Electrical Marketing’s Leading Economic Indicators

July 27, 2012
AIA Billing Index, Dodge Momentum Index and Purchasing Managers Index all point to softening economy.

AIA says architects saw activity drop again last month. The Architecture Billings Index (ABI) published monthly by the American Institute of Architects (AIA), Washington, D.C., saw more poor conditions last month, indicating a drop in design activity at U.S. architecture firms, and suggesting upcoming weakness in spending on nonresidential construction projects. As a leading economic indicator of construction activity, the ABI reflects the approximate nine- to twelve-month lag time between architecture billings and construction spending. The AIA reported the June ABI score was 45.9, nearly identical to the mark of 45.8 in May. This score reflects a decrease in demand for design services (any score above 50 indicates an increase in billings). “The downturn in design activity that began in April and accelerated in May has continued into June, likely extending the weak market conditions we’ve seen in nonresidential building activity,” said AIA Chief Economist, Kermit Baker.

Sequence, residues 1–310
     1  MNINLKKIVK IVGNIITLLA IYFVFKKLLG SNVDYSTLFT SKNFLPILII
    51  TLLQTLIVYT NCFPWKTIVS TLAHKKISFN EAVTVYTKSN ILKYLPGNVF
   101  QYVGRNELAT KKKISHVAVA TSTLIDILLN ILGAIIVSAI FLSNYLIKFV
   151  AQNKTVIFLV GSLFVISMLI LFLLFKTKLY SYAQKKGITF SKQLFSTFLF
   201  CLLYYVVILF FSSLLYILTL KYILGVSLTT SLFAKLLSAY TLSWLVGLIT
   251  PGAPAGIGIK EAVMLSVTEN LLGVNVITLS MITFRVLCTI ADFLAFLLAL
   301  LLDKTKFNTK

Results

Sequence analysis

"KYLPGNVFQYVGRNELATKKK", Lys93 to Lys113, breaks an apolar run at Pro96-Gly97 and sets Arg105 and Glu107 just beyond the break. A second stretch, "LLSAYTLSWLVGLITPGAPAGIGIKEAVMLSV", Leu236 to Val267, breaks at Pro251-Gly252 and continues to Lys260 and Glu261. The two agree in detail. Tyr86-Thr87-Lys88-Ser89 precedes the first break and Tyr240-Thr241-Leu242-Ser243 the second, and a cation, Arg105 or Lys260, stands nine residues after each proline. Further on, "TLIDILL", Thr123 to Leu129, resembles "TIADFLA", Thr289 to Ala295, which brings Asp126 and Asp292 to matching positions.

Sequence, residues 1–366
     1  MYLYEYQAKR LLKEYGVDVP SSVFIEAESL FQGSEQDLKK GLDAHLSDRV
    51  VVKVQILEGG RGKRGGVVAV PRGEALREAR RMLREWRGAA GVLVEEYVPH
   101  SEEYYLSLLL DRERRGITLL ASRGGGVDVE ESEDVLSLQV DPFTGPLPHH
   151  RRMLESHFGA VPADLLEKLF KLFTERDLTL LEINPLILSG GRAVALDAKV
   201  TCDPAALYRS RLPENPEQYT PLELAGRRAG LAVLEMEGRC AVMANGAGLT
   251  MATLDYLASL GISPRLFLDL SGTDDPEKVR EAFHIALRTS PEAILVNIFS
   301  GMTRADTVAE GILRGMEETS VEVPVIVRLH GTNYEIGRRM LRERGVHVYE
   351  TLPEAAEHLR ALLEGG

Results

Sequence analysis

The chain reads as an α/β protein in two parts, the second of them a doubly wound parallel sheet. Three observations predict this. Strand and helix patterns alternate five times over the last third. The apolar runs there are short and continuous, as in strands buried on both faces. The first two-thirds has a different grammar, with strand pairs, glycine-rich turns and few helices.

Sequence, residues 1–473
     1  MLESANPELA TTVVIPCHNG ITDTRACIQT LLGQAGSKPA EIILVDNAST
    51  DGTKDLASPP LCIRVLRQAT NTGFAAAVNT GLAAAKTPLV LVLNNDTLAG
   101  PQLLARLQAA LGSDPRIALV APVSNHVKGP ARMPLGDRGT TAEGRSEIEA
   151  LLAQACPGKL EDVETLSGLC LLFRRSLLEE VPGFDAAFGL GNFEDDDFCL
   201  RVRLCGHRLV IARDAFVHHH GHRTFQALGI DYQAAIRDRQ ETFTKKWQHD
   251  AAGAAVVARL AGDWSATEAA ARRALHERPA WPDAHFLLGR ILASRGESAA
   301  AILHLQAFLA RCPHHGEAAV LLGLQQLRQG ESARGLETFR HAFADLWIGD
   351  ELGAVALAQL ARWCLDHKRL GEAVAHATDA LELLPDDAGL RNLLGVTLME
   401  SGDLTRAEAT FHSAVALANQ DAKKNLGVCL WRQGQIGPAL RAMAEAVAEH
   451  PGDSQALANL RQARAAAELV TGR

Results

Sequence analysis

Dodge Momentum Index slips in June. The Dodge Momentum Index retreated 2.3% in June, according to McGraw-Hill Construction. The Momentum Index is a monthly measure of the first (or initial) report for nonresidential building projects in planning, which have been shown to lead construction spending for nonresidential buildings by a full year. The Momentum Index for June came in at 92.2 (2000=100), down from May’s revised 94.4. This marked the second monthly decline in a row, following the 0.7% pullback in May. The drop for the Momentum Index during the most recent two months mirrors the recent softening in the U.S. economy, and suggests that the slower pace of economic growth is causing some deceleration in plans for future development.

Purchasing Managers Index drops 3.8 points into contraction territory. The 3.8-point drop in the Purchasing Managers Index (PMI) for June to 49.7% from 53.5% marked the first sign of contraction in the manufacturing sector since July 2009, when the PMI registered 49.2 percent. Comments from the panel range from continued optimism to concern that demand may be softening due to uncertainties in the economies in Europe and China.